Spot Water Your Small Kitchen Garden
It’s important to note: when I water, nearly every drop ends up in the depressions in which the plants grow. For heavy watering, I try to fill the trench that defines a row, or the basin holding an individual plant. After that soaks in, I fill the trench or basin again. For light watering, I may not fill the trenches and basins, but I direct the water into them.
Finally, I can’t emphasize enough the advantages of mulching close to your plants, and mulching heavily. Having a lawn, I believe, is a horrible affront to Planet Earth. However, as long as I have a lawn I’ll use grass clippings to mulch my small kitchen garden. Lawn clippings, fallen leaves, newspapers, cardboard, black plastic, pine needles, pine bark… come up with something that’s easy enough to manage that you’ll actually manage it. Mulch lets water through to the soil and significantly reduces the amount that evaporates on dry days.
I shot this sequence of photos one day when I was watering some newly-planted tomatoes. The photo on the left shows a tomato plant in its own basin freshly filled with water. Subsequent photos show the basin over the next 40 seconds as the water soaks in around the plant.
Further thoughts about watering and responsible ways to conserve water:
Tips For Watering Tomatoes Deep For Awesome Results : Veggie Gardener – Properly watering tomatoes is arguably one of the most important steps for growing plump, juicy tomatoes in the vegetable garden. Watering too much or not enough can destroy or limit tomato plant production and can contribute to …
How to Raise Organic Vegetables : How to Water Your Garden … – How often should you water your garden, and should you water it by hand or use an irrigation system? Find out in this free.
Become a green gardener « Buck BIG – Besides water, your garden needs nourishment. But many gardens get a diet of fertilizers, pesticides and weed killers that are heavy on chemicals, which can also enter the water system. Consider using organic or natural products instead …
Video: Cedar Rapids group issues a “Million Gallon Challenge” to … – The 65 gallons of water sitting in a rainbarrel is a lot, when you’re a homeowner looking to water your garden. It is a drop in the bucket when you look at the watersheds, communities and individuals across the state that could rise to …
How to Water Your Garden in the Right Way – How to Water Your Garden in the Right Way Water Your Garden. ALWAYS WATER: 1. Container-grown stock before planting out. 2. The bottoms of seed drills before sowing in dry weather, using a can with fine rose. …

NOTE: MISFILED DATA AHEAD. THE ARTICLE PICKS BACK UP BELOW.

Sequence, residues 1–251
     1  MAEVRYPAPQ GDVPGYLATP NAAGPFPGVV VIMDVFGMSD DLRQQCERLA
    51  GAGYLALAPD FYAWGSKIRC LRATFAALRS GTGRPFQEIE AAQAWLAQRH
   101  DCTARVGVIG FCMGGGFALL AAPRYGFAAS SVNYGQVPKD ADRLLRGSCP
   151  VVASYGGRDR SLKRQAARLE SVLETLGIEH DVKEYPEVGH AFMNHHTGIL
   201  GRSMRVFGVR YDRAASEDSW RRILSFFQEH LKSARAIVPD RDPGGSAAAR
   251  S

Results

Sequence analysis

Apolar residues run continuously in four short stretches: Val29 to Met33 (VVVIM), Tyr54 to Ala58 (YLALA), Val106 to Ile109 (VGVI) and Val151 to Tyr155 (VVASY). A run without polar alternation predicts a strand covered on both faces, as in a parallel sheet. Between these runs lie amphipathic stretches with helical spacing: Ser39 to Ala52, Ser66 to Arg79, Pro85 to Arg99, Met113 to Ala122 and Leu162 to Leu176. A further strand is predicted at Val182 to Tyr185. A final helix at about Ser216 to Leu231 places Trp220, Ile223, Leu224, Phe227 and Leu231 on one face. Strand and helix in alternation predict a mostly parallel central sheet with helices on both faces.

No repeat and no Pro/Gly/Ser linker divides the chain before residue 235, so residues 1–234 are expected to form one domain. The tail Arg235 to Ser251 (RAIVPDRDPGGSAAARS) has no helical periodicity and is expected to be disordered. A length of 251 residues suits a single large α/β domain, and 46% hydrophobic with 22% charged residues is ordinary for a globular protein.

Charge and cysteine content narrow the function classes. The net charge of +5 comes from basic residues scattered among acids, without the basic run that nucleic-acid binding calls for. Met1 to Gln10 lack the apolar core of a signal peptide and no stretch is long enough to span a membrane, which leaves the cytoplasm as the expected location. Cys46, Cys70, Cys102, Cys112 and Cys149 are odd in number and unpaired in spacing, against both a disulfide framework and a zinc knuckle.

If you visit Your Small Kitchen Garden blog often, you’ve probably seen this photo of diseased tomatoes on the vine in my garden. Home growers were particularly distressed by tomato diseases, but some commercial growers also lost crops.
I’ve written much in Your Small Kitchen Garden about the woes of home tomato growers in 2009. As you might expect, some commercial operations also suffered this year. While most apply chemicals to stave off late blight and bacterial infections, some don’t. What’s more, conditions were so bad this season that even chemically-treated crops might not have escaped disease.
Our local paper ran an article yesterday about a crop-sharing group that lost money because of the tough tomato-growing weather. It’s fascinating to see the figures the commercial growers cite in the article. For example, the growers expected to harvest 31 tons of tomatoes per acre; instead they reaped only 19.42 tons per acre.
Another telling statistic: Because of low temperatures and excess moisture, it took 42 days for tomato plants to grow significantly after planting compared to seven days last year, and only four days in 2007! Everyone in the eastern united states seems to have had this type of weather, but apparently your plants might have faired better if you planted them later in the season.
Buying shares in crops can be an economical way to get fresh produce for non-growers… though some crop shares pay out only in cash (as the ones in the article seem to). Crop shares are also a terrific way for farmers to spread risk for years when things don’t go quite right. This was one of those years.
The article is an interesting read. Please check it out: Tomato gamble withers on vine
Late blight infections in 2009 spread all over the eastern United States, wiping out many small kitchen garden tomato crops. Late blight can express itself as brown discoloration on tomatoes – green or ripe.
As the plants fade in your small kitchen garden, the temptation grows to get out there and clean things up. If the plants aren’t going to produce more, why keep them around? The question became more complicated for many this year when late blight destroyed tomato plants all over the north eastern United States.